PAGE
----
non-revolving debt

Consumers Borrow More for New Cars, Student Loans

Consumer credit unexpectedly rose by $2.1 billion in September, but the rise is only a partial victory for those who argue that credit expansion is required for the U.S. economy to return to a normal growth rate, because credit card debt fell for the second straight month. If that decreased plastic use continues this fall, it will likely weigh on retailers%u2019 holiday shopping revenue.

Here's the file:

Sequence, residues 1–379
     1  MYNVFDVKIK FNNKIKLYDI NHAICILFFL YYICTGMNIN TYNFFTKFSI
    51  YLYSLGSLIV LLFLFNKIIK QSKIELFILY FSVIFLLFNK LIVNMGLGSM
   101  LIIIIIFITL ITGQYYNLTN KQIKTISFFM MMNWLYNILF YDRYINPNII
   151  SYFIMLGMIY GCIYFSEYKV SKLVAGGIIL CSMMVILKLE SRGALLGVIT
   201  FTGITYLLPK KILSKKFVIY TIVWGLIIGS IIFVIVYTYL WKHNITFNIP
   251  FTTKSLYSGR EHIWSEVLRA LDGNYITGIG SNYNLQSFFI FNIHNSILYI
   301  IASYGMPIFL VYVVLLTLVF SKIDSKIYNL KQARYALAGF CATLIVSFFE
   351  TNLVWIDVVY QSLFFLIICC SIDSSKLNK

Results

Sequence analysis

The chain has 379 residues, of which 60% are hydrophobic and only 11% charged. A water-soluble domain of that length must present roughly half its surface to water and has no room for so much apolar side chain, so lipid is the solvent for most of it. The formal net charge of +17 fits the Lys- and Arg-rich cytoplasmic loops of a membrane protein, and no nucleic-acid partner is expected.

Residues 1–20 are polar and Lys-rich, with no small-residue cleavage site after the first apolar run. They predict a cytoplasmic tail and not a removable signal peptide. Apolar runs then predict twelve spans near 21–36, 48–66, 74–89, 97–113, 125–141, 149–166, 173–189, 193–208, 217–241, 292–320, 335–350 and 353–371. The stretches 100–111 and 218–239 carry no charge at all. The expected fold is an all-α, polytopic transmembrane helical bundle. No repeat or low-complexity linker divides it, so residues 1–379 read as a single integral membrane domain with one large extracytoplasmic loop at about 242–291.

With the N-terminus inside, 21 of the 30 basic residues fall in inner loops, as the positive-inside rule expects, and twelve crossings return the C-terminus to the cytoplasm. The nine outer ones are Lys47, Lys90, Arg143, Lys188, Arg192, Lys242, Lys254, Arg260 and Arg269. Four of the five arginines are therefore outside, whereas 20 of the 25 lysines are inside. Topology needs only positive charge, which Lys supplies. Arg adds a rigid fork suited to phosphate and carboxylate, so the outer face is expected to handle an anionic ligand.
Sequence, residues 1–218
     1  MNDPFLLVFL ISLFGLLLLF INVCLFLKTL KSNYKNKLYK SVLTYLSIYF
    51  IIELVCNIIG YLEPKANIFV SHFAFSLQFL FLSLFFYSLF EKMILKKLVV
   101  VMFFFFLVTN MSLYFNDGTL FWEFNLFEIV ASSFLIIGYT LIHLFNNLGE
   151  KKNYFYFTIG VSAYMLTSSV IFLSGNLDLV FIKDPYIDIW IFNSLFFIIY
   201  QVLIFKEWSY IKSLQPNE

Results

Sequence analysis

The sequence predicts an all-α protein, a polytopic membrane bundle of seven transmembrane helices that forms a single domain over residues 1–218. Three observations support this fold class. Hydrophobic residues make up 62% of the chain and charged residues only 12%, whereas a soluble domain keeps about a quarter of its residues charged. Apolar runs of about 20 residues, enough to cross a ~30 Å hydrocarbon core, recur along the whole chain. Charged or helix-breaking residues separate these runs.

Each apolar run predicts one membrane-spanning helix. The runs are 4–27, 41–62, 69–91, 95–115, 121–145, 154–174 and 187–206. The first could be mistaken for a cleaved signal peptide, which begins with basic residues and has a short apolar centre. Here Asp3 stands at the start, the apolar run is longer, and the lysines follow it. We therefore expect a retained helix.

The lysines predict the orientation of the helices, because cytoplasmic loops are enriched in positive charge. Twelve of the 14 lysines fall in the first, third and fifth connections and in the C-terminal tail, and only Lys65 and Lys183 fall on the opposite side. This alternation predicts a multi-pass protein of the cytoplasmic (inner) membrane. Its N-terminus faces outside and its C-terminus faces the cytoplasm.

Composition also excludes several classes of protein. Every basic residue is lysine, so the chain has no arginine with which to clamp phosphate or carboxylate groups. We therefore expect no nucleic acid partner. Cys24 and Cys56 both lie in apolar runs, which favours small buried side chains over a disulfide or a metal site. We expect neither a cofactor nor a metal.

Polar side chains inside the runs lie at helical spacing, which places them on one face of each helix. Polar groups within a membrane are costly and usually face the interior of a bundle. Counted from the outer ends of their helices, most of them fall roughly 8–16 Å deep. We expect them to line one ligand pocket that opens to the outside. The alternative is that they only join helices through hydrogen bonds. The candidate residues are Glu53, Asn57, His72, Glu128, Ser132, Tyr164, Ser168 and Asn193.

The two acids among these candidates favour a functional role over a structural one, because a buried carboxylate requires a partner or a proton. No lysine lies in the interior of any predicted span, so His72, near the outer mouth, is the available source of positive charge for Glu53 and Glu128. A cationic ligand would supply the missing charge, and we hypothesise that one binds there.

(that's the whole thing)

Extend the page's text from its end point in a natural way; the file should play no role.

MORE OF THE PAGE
Consumer Credit Use Falls for Fifth Straight Month

Consumer credit use fell another $1.3 billion in June, the Federal Reserve said, as Americans once again kept their credit cards in their wallets. But the belt tightening was less than expected: Economists had predicted credit would contract by $5 billion.